ANIMALS IN SEA HISTORY
By Richard King
In historic illustrations and comic books, angry sperm whales are constantly crunching up boats and whalemen in their mouths, as if they were pretzel sticks. This has always seemed a bit of a stretch to me. It turns out that, although sperm whales are typically shy and afraid of humans, when individual whales are harpooned—as they were by the thousands in the eighteenth and nineteenth centuries—the animals did indeed sometimes use their lower jaws and teeth to grasp and mash boats and men. There are just too many historic examples to dismiss them all, and modern studies of sperm whale behavior suggest it makes sense, too.
Here are three of the more reliable accounts. According to historian Margaret Creighton, in 1831 the chief mate of the Good Return, Henry Howland, drowned after he was carried down under the surface in the jaws of a whale after the animal smashed his boat. The whale then got hold of another sailor in his mouth, but this man survived. In 1840 Frederick Bennett, a surgeon and naturalist aboard a British whaleship, wrote that sperm whales commonly defended themselves with their jaws. He visited the whaleship Augusta in the South Pacific, where he saw a boat on deck that had recently been “nipped completely asunder by the jaws of a harpooned whale.” Bennett learned that sperm whales would continue to bite a boat into pieces and, when they were finished, would keep their mouths threateningly open for several minutes.
A third event took place on 15 August 1841. A mate of the whaleship Coral wrote in his journal that a sperm whale had bitten up their boats when they were just south of the Galápagos Islands. This was an enormous male, likely more than sixty feet long. Two boats had harpooned the bull, which rolled over and “chewed [one up] in many hundred pieces.” The whale was severely injured and blood began to collect in its blowhole, so when it spouted, its exhale was filled with blood. The mate said that the whale “entirely consumed” the boat and swam away, but they still had another boat attached to him with a harpoon. Their next attempt to kill the whale resulted in the death of one of the crew, as described by the mate in his journal: “While the third mate was in the act of lancing him, he turned upon him and eat his boat up also he not coming off so fortunate as the former boat for Richard B. Saunderson, foremast hand was drowned…on my approaching [the whale] he turned upon his side with his jaw open and pursued me, having avoided him and hove an iron into him I let him go and in a few moments he was in the agonies of death and breathed his last.”
From a modern biological perspective, stories of sperm whales using their mouths to defend themselves against human hunters makes sense, although when they eat squid and fish, they really only use their lower teeth for grasping their prey, not for chewing or tearing anything apart. Young sperm whales don’t even have teeth until they begin to enter puberty, at about eight or nine years old. And adult whales with deformed jaws or no teeth at all seem to hunt and eat just fine.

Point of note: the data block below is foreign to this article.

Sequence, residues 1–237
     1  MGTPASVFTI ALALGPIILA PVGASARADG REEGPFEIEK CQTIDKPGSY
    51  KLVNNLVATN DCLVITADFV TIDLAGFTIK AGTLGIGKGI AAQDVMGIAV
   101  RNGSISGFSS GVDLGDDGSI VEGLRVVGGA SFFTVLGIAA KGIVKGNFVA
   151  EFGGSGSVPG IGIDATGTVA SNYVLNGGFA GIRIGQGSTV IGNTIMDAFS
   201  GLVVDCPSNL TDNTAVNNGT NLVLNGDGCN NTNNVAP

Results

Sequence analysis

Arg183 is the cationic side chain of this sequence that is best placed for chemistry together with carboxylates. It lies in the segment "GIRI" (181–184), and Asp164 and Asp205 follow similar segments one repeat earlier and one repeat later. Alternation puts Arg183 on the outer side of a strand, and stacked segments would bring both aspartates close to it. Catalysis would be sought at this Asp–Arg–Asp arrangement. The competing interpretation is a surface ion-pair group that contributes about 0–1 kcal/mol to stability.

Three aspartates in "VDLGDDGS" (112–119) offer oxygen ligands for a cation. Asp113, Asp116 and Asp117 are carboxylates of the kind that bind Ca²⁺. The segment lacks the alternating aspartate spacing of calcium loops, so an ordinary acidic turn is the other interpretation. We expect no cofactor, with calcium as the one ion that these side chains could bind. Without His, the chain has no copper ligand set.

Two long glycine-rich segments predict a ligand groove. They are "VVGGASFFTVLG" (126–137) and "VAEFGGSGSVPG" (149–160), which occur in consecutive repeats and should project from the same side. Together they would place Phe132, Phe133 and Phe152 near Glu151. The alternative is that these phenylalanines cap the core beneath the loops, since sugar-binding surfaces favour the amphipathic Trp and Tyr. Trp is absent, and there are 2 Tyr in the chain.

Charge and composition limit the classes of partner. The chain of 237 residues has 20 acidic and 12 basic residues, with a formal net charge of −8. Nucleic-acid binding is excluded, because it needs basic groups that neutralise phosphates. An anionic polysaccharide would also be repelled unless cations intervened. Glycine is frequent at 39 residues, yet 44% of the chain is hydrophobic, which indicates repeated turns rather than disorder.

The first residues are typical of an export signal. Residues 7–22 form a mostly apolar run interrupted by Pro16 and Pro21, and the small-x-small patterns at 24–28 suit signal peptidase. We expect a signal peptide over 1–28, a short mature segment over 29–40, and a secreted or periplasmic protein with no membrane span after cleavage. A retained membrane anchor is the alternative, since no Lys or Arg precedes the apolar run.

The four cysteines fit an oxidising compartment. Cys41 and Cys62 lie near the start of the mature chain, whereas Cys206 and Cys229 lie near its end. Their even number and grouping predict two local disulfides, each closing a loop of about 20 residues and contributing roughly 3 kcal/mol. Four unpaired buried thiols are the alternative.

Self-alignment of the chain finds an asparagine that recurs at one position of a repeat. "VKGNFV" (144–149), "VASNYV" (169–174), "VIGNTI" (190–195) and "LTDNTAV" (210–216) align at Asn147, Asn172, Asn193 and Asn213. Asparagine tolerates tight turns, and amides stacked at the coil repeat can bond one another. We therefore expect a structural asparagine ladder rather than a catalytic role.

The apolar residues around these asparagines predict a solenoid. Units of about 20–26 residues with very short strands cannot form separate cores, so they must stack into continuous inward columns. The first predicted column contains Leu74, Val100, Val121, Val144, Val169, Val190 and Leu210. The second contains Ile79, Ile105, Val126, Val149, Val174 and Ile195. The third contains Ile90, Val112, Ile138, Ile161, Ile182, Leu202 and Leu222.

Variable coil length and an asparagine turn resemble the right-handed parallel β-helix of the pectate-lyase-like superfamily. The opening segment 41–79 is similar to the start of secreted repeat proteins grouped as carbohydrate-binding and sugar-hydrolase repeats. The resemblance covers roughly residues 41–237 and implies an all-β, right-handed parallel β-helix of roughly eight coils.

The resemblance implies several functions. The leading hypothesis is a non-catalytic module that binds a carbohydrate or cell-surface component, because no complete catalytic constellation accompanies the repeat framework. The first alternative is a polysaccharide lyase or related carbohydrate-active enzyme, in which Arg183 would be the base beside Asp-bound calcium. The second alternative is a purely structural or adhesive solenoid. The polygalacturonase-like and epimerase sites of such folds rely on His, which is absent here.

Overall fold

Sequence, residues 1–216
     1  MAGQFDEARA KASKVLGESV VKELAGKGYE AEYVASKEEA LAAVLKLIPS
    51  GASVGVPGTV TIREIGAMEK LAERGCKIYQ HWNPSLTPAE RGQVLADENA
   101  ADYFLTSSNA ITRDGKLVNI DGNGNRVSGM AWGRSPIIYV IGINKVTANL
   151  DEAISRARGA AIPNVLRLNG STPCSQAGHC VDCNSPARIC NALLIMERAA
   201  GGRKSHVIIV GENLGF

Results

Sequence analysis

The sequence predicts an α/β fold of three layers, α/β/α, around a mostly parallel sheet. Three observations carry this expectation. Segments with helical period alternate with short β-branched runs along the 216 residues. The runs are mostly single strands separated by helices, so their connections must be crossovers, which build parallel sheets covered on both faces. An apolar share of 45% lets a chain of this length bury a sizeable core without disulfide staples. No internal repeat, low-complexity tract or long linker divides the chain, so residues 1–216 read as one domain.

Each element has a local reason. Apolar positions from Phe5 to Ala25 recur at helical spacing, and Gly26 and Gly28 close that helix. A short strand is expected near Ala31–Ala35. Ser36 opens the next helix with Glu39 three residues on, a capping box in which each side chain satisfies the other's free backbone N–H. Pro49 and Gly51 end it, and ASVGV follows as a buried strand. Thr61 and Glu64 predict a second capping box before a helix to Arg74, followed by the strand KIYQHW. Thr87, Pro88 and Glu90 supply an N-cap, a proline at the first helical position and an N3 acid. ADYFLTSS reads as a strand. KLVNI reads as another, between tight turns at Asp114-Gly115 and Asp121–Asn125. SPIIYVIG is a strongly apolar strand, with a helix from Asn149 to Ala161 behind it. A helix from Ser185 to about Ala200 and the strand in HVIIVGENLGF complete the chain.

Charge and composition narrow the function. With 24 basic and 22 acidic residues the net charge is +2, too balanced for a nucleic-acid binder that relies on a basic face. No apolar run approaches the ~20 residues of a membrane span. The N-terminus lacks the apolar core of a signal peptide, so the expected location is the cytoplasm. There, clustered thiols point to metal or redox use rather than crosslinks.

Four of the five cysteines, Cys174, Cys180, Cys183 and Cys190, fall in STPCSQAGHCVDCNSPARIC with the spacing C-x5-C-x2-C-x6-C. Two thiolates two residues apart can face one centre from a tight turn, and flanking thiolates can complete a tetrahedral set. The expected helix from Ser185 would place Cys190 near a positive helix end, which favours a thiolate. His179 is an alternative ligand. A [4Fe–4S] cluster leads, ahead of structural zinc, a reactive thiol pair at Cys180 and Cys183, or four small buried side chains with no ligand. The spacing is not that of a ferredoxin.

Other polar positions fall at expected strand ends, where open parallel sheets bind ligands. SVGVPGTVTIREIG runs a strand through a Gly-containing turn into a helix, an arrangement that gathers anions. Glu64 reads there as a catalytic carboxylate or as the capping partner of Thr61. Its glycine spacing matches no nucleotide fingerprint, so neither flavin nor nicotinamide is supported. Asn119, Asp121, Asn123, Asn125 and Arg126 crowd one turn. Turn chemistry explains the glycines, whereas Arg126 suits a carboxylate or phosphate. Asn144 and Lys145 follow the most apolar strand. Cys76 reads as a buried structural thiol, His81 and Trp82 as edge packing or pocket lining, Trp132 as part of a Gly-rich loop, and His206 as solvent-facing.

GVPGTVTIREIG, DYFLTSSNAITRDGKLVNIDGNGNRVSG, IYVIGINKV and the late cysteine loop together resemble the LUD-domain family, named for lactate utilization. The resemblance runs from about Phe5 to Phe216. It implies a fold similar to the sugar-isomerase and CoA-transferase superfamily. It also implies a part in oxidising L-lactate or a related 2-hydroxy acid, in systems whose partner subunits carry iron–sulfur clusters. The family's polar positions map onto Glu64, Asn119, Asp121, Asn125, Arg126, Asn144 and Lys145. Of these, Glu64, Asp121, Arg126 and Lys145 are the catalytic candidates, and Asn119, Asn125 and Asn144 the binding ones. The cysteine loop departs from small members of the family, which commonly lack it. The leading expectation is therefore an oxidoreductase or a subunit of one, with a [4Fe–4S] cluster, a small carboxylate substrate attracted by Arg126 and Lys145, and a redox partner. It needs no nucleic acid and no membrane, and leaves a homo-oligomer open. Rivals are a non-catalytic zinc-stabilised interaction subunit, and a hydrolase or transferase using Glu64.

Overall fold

If you think about it, most terrestrial mammals act aggressively with their mouths—picture two dogs roughhousing. Some, if not all, of the other toothed whales are known to use their teeth aggressively, such as Risso’s dolphins, bottlenose dolphins, and Cuvier’s beaked whales. Modern biologists have observed female sperm whales using their jaws to defend against killer whales. There’s also ample evidence of rake marks gouged into the heads of older sperm whales, which imply male competition involves engaging in jaw-to-jaw battle, like bucks locking antlers or elephants battling with their tusks. Sperm whales might even use their mouths in play or affectionate behaviors, since one scientist-diver in 1991 described two occasions when sperm whales “were observed swimming belly to belly with their jaws slightly agape and touching,” and more recently a filmmaker-diver working on an episode of Blue Planet 2 was briefly, seemingly playfully, tugged down underwater by a young (toothless) sperm whale after the man had taken a bucket out of its mouth that the animal was chomping like a toy.
Even in the 1800s whalemen-naturalists knew that sperm whales were extraordinarily shy and skittish, which is still observed today. If attacked by humans or orcas, however, sperm whales will defend themselves. These behaviors include whacks with their enormous tails and lunging at their attackers with their mouths. Now, it seems hard to believe they would actually eat the wood of the boats, but whaleboats in the nineteenth-century were usually planked with very thin, light cedar, and necropsies have revealed a wide range of inanimate objects in sperm whale stomachs such as stones, fishing gear, coconuts, and even a human body.
Featured photo above: A snorkeler swimming with a sperm whale near Dominica in the Caribbean. Courtesy Natural World Safaris.
Did You Know?
Today, shipyards have a number of ways to get a ship out of water, either by hauling it out or by floating it into a basin and the water pumped out.
Historically though, sea captains would careen their vessels in shallow water by either heaving it over on its side while it was still afloat or by anchoring in shallow water at high tide and then waiting for the tide to go out. The vessel would touch bottom, and, as the tide went out, lay over on its side.
How does one go about getting a ship, especially a big ship, high and dry out of the water today?